By Randi Altman
In a perfect world, children would grow up in loving and nurturing homes with food on the table and clothes on their backs. Unfortunately, for many that is not reality. AMIT, an Israeli social services organization, was established over 40 years ago offering foster homes and education to these lost children. But having been built between 1935 and 1975, their foster homes are in dire need of renovations, so the non-profit is currently in the middle of a $10 million fundraising campaign.
As part of that campaign, AMIT called on Long Island, NY-based DMJ Digital Media, and its owner David Jasse, to help them tell their story and inspire donations. Jasse packed up his Canon 5D Mark III, tucked away in a Tenba carrying case designed to fit perfectly intoluggage racks on planes, and headed to Israel.
In an effort to travel light, Jasse picked up a light panel, small LEDs and an HD 2000 glidecam from a production company in Israel. While there, he hired a local cameraman/DP and a grip/production assistant. They worked alongside Jasse, who directed and produced two shorts — a seven-minute film and a two-minute promo — for use at AMIT fundraising events and on the web.
Jasse and AMIT wanted to use real children whose lives have been touched by the organization, but they needed to protect the identity of some of the younger kids. That meant that Jasse had to get creative in terms of angles. He opted for over-the-shoulder shots and used a short depth-of-field in other shots to block out the children’s faces while at the same time “not making it look like a witness protection video.”
He credits the Canon 5D Mark III DSLR with allowing him the flexibility to tell the story he was hired to tell. “When it comes to portability, quality and ability to get great images and have control, DSLRs are fantastic. We constantly blurred faces while having other parts of the image clear with the 5D.”
Jasse emphasizes that for the type of work his company provides, DSLRs are a perfects choice. Clients often come to him with very fixed budgets but a clear understanding of what they want their message to be. “Using something like a Red or Alexa with higher image quality isn’t going to help tell our story,” he says. “Chances are it will raise the cost of production, and raise the cost of the post production workflow because of the large files.”
For documentary type work, like the promo AMIT Saves Lives and the main film AMIT Saves the Children, the choice for his company when it comes to cameras is clear: DSLRs. “The versatility on location is perfect for documentaries when you don’t want to be noticed,” explains Jasse. “Plus these cameras give you the ability to achieve shallow depth-of-field without needing a ton of space like with conventional video cameras. These cameras have changed the paradigm and more than pay for themselves quickly. In fact, we generally have two or three on location to add creativity and ensure we’re covered when telling stories that happen live.”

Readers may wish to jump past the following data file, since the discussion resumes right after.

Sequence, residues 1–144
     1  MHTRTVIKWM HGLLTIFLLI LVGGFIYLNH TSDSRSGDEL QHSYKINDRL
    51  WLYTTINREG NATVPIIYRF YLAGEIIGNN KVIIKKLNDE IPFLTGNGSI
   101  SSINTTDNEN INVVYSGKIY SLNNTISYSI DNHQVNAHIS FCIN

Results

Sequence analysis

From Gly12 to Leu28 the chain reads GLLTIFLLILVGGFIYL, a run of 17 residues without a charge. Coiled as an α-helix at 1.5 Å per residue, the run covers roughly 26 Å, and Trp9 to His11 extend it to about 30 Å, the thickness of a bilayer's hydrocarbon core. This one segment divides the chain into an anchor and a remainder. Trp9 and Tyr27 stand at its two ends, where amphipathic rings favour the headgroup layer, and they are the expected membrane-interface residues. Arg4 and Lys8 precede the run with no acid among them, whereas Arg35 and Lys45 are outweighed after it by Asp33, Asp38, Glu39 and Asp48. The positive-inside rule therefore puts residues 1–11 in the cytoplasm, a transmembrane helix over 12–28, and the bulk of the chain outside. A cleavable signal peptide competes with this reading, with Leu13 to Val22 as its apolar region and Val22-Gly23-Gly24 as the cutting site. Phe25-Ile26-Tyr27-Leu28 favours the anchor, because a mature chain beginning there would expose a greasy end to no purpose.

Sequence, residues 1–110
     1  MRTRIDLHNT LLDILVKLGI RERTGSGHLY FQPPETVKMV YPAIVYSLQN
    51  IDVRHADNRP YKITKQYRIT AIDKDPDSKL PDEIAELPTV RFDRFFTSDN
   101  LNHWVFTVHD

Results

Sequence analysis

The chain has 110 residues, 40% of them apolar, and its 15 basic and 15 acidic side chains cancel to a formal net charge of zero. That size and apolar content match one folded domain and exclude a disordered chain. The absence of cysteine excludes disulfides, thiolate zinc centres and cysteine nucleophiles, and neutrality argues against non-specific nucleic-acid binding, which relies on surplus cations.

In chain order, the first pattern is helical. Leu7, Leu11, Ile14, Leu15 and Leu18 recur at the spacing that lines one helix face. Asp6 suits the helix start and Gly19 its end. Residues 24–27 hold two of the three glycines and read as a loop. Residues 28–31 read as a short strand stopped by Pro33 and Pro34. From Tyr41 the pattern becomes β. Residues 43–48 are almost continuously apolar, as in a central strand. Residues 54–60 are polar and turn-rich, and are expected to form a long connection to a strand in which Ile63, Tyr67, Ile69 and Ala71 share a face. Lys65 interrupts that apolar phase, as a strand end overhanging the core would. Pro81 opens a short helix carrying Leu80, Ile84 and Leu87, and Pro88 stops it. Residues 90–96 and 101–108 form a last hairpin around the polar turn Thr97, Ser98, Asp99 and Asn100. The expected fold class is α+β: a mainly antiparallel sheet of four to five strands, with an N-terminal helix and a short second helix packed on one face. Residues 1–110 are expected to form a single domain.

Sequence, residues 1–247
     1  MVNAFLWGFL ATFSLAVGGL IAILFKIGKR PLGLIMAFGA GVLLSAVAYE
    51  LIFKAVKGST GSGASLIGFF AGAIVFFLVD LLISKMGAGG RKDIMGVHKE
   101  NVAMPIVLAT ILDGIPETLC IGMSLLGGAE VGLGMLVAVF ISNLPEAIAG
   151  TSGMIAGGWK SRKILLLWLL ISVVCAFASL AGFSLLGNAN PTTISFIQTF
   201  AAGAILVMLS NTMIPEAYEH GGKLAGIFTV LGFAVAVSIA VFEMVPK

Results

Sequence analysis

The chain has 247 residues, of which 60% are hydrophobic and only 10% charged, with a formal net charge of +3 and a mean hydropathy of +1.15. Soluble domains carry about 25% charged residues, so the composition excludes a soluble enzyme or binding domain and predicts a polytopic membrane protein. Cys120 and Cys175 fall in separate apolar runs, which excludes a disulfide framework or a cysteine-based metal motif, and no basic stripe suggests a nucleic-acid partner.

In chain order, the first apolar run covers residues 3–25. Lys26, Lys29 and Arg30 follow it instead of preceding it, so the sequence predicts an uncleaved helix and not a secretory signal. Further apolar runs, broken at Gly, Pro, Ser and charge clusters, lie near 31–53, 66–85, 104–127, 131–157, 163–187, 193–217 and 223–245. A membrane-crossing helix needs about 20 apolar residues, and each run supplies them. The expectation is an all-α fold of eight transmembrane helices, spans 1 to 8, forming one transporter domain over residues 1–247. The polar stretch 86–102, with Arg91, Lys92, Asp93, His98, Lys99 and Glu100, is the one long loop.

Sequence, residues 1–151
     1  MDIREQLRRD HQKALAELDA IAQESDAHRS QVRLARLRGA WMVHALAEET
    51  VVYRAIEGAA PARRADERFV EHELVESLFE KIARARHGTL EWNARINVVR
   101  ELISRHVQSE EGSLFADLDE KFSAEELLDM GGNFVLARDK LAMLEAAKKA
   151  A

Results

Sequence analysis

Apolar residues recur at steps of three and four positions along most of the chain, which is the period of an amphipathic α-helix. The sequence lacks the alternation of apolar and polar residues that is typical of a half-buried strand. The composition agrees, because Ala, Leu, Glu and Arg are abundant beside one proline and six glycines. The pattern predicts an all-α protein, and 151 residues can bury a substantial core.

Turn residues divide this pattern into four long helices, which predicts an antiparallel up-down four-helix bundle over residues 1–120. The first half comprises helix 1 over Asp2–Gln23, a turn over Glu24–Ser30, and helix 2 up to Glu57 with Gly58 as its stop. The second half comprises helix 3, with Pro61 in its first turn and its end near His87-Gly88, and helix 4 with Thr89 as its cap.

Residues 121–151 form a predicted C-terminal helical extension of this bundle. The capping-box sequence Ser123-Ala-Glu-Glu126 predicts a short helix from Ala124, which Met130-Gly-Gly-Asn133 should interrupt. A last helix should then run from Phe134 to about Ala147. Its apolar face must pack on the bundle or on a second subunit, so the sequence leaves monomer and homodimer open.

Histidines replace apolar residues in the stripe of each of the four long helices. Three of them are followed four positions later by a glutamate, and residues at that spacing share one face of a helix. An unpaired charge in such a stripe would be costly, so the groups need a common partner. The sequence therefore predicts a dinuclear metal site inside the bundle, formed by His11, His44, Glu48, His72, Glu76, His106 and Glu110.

In the field, the team used the 5D Mark III and a range of lenses, from a 14mm to Tamaron 70-200mm, with a few prime lenses in between. “The Samyang 14mm is incredible,” says Jasse. “It gives it a great look, and 14mm is as far as you can go before a ton of distortion kicks in. It’s one of my favorite lenses these days.”
For location audio, DMJ records sound in-camera with either a Beach Tech or Juice Link box in an effort to cut down on the workload in post.
For graphics, DMJ took advantage of MotionVFX and their templates for Adobe After Effects. After Effects artist Michael Grech customized the templates by adding in the client photos, logo and colors.
For music, DMJ’s go-to has been audiojungle.net. “They have a great variety of offerings, and it doesn’t sound like canned music,” reports Jasse. “From the sad stories to the historical sections to the uplifting portions, there was quite a bit of music to choose from.”
The seven-minute main film includes historical footage of Israel, documenting the organization’s work since its founding in 1925. “From scenes of the work AMIT did helping children right out of the holocaust to rarely seen archive footage of the 1967 six-day war to the Ethiopian and Russian immigration in the ‘80s, narrator Brian Haymond brought it all to life,” describes Jasse. “It took careful color correction (in Final Cut) in order to integrate the SD archive footage into the HD masters, but the audience is forgiving when the content is so amazing.”
DMJ edited the pieces in Apple Final Cut Pro 7; they output in HD for showings around the US.
The two-minute promo has been used on the web to raise awareness, and acts as a teaser to invite guests to the larger events where they screen the longer film.